Hes part of the southern Baptist convention. I’m not sure where they stand exactly but this might narrow it down a bit

If every bad act by everyone has been justified past, present and future, by Christ’s death, why does one need God at all? Is it conditional upon one accepting Christ as personal savior? No, the Bible never said that is conditional. That is bad man-made theology. Christ died for all but not all will be saved.

The cross has always been recognized as a redemptive act or at least by Catholics. Ask him how he differentiate the Christ the Redeemer redeeming act vs Christ the Savior saving act. Redemption in itself does not save, but open doors to heaven so that one might possibly be saved. Christ death is His act, our act in order to be saved is to cooperate with God’s grace so that we are grafted on to God’s family. To be an accepted member of God’s family, we must be in good standing i.e. deemed just/righteous by listening to and obeying ALL the things Jesus said to do if we love him, till we die. We need stamina to complete the race. That’s what the sacraments are there for to strengthen us. Those who signed up but never bothered to complete the race will be found outside the door.

To be clear while Penal Substitution is a popular view it is not held by all Protestants. Though I do think it fair to say the basic idea pervades much of Protestantism.

It is good that he recognizes we must repent and die to self. It would be interesting to ask if he thinks then we must cooperate with God’s grace. If so he doesn’t hold a more extreme view that we are not held accountable for our sins.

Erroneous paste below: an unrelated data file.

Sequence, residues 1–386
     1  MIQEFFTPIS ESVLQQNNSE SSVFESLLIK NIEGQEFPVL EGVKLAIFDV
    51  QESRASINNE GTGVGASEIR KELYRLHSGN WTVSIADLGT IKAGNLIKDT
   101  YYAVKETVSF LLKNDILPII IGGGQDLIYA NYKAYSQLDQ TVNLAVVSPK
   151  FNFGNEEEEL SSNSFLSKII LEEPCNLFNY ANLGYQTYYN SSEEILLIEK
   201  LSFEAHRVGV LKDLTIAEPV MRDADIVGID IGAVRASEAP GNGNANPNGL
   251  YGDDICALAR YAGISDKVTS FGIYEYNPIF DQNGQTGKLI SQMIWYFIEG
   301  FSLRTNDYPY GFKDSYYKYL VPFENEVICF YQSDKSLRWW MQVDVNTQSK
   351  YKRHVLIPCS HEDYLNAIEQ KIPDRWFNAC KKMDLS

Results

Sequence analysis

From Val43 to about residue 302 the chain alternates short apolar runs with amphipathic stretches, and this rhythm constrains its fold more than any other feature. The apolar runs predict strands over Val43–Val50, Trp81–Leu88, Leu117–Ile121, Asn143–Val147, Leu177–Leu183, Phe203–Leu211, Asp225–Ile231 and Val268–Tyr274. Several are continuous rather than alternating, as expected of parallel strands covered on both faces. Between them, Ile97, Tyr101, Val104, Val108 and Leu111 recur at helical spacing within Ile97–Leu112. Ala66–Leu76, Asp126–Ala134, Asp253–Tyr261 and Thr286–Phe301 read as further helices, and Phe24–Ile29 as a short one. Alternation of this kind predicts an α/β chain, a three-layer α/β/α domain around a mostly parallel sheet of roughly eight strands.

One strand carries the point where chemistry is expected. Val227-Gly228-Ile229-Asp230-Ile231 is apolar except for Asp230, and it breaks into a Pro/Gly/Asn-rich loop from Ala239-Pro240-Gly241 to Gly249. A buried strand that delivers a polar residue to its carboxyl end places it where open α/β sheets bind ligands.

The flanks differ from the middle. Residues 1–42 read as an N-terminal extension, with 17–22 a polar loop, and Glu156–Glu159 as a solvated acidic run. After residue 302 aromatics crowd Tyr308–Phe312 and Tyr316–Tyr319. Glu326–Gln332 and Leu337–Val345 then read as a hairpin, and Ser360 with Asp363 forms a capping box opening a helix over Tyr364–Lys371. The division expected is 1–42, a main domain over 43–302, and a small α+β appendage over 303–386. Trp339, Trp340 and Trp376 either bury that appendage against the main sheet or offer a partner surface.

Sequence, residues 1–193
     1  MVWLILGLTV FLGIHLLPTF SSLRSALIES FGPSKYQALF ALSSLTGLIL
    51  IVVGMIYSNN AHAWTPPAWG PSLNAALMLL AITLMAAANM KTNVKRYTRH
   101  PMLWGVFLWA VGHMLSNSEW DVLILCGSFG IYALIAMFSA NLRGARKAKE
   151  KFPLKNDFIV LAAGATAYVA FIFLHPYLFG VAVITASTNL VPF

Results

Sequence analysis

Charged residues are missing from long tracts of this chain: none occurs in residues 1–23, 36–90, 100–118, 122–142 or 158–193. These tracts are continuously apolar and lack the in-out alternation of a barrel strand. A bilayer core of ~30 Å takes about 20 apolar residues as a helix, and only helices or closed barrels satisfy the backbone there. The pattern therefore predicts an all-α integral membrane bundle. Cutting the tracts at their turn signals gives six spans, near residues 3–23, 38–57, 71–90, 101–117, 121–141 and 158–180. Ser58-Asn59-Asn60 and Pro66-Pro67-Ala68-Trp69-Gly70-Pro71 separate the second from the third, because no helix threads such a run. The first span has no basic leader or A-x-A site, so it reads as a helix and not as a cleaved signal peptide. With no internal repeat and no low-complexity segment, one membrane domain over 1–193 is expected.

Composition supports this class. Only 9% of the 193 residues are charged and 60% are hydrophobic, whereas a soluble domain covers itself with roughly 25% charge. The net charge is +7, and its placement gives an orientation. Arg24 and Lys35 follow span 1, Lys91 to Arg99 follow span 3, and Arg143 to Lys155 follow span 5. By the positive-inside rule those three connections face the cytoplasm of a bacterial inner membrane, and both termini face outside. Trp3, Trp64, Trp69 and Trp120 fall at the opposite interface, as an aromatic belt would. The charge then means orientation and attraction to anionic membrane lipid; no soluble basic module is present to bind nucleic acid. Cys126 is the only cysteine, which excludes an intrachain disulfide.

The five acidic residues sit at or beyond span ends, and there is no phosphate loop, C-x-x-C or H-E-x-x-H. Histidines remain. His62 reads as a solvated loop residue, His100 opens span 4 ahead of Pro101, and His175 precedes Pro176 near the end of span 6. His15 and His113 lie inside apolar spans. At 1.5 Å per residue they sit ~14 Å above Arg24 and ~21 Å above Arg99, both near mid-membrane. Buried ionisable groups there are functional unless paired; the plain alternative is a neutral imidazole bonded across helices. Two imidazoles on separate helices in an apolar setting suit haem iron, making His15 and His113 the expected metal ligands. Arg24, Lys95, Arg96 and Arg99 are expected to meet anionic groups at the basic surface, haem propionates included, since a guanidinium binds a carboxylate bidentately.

I just asked him. We shall see

He responded asking

“what do you mean” (in regards to asking him if he believes we must cooperate with God’s grace)

As him if he knows the difference between Redemption and Salvation.

Excellent! :wink:

When Jesus spent his time on Earth, he would have lived by the greatest commandments, he could do nothing greater. But how did Jesus love all his neighbours as he loved himself, the neighbours who condemned him to death and nailed him to the cross. We know Jesus prayed on the cross forgive them Father for they know not what they do.

Could it possibly be; that nothing should stand in the way of Jesus loving all his neighbours as he loves himself?

Could the forgiveness of sins hang and depend on the greatest commandments?

It could be said that Jesus loves us more than he loves himself, because he was prepared to die for us. It could also be said that Jesus does not love us as much as he loves himself, because he holds the power of heaven or hell.

The greatest commandments seem profound; when you test them against our perception of the Love of Jesus.

We are commanded to love one another as Jesus loved us, this seems a challenging test of faith.

Just a thought.